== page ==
The Nebraska vs. K-State game was not played in the mid 1990s, but the final score looked as if it was actually played in the decade that the Cornhuskers dominated. The Wildcats were whipped by the Big Red, 73-31.
It didn’t look that bad in the first quarter, when senior wide receiver Jordy Nelson capped off a 10-play, 72-yard drive with a 21-yard touchdown catch from sophomore quarterback Josh Freeman. That put the Wildcats up 7-0.
The following kickoff, though, was a key play in the game. It was returned 94 yards by Nebraska’s Cortney Grixby to tie the game at 7-7 and foreshadowed what was going to happen the rest of the game.
K-State kicked a field goal on the next possession, but that would be the last points the Wildcats scored in the first half.
Meanwhile, Nebraska (5-6, 2-5 Big 12) would go on to score 31 more.
“Obviously, it was a big play,” Nelson said of the kickoff return. “When you get a lead, you can’t give seven points right back to them.”
The Cornhuskers scored in a variety of ways. They had a 73-yard drive where they ran the ball every single down. Another drive was only one play, a 36-yard strike from junior quarterback Joe Ganz to senior Frantz Hardy.
K-State’s defense was torched all day. It gave up a total of 702 yards and 15 plays that went for more than 20 yards. Nebraska was controlling the line of scrimmage on almost every play. The Wildcats looked as if they couldn’t match the physicality of the game.
“Tackling, not holding your gaps, we’re not getting to the quarterback enough,” junior Ian Campbell said of the issues plaguing the defense.
Ganz threw for 510 yards and seven touchdowns during his second career start. He completed 30 of 40 passes and broke the single game Nebraska record for yards and touchdowns.
“It’s pretty clear that the quarterback was the key to this thing,” Prince said of Ganz’s role in the loss. “He was absolutely spectacular.”
The K-State offense’s day wasn’t terrible statistically. Freeman finished 26 of 44 for 320 yards and two touchdowns. Nelson continued his amazing season with nine catches for 125 yards. He also set the season record for K-State in receiving yards on a 21-yard catch in the first quarter.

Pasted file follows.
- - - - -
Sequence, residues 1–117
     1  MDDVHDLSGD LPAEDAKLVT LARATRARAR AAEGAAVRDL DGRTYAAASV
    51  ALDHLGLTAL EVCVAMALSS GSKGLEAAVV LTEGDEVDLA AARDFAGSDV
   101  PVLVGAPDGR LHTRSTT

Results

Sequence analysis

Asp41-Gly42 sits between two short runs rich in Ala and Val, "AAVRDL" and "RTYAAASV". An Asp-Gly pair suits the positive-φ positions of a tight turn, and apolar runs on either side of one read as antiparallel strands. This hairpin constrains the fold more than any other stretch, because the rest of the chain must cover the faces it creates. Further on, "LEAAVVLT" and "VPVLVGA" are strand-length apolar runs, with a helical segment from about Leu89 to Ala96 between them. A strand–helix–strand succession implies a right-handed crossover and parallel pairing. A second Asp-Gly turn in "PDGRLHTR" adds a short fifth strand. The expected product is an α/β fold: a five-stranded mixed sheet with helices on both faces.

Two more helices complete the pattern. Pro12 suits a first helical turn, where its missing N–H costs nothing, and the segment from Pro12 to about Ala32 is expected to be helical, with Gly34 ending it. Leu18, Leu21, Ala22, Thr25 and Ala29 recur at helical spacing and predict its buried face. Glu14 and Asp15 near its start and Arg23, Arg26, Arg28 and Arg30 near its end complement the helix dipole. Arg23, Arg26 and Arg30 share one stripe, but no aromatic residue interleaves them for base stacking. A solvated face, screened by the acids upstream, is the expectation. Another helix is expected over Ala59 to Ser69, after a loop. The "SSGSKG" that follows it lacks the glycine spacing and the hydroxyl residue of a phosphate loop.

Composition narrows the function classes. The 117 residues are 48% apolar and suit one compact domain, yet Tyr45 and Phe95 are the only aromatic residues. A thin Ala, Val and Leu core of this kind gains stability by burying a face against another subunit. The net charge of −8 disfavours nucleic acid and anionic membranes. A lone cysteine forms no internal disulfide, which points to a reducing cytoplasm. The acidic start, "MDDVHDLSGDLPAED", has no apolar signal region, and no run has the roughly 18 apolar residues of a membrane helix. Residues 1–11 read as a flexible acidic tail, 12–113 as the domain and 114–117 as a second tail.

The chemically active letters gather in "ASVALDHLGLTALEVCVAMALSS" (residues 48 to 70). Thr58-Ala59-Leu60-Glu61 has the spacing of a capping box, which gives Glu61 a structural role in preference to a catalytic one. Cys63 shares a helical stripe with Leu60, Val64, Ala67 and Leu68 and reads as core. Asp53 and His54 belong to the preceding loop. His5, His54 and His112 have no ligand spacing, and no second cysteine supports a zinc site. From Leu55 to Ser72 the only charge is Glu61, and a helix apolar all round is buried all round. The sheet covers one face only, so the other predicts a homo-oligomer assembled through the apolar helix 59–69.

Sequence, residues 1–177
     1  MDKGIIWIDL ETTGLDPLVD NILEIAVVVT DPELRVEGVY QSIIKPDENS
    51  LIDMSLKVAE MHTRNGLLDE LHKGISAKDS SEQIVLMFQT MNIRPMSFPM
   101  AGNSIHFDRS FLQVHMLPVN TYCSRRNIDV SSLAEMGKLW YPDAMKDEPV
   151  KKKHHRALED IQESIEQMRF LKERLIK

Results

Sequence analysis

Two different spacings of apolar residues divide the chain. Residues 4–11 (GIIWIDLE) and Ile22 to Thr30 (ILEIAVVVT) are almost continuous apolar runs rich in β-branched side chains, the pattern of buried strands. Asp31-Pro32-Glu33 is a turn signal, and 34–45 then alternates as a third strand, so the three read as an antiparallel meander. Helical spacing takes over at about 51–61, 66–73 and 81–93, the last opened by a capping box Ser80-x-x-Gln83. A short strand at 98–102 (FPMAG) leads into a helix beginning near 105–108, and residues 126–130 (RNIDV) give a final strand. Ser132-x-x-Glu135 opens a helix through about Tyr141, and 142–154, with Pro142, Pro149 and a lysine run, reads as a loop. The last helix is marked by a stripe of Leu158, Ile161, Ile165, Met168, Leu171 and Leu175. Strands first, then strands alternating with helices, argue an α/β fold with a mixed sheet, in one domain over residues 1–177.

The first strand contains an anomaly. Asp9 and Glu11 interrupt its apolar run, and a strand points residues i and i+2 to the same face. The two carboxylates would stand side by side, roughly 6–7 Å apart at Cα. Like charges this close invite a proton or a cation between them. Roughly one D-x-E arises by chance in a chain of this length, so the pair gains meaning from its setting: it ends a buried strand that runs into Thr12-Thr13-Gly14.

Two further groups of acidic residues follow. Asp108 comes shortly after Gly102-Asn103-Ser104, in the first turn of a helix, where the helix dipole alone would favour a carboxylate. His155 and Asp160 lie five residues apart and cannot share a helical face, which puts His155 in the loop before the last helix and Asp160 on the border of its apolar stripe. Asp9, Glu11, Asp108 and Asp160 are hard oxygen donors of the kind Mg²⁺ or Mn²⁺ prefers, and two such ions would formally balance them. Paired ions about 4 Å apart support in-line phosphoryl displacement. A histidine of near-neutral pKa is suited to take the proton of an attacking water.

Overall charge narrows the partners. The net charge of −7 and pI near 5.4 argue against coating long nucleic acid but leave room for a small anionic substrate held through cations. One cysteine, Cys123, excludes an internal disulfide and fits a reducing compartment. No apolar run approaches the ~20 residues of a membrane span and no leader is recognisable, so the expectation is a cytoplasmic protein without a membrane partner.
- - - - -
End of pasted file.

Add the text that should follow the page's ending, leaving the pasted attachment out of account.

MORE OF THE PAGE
But coach Ron Prince said that those offensive stats were misleading.
“From a yardage standpoint, we had some yards here and there, but this was about as a thoroughly of a defeat as I’ve ever experienced,” Prince said.
One of the few moments where K-State (5-5, 3-4 Big 12) could have grabbed some momentum, or at least not lose anymore of it, happened in the final 30 seconds of the first half. The Wildcats had a fourth and 24 at Nebraska’s 46-yard line. Instead of punting, Prince decided to go for it. Freeman’s pass sailed out of bounds over junior Deon Murphy’s head, giving the ball to Nebraska with 22 seconds left. All it took was two long pass plays over the middle for the Huskers to score, putting them up 38-10 going into halftime.
“That was on me,” Prince said. “I wanted to try to give us an opportunity to get a score. Backfired on us completely.”
Being down by so much, many would have expected the Wildcats to quit at some point during the game, but quitting is not something that Prince endorses in his team.
“They may get outplayed,” he said. “They get matched up against some thing that are difficult for us to deal with, but we don’t know anything about (quitting).”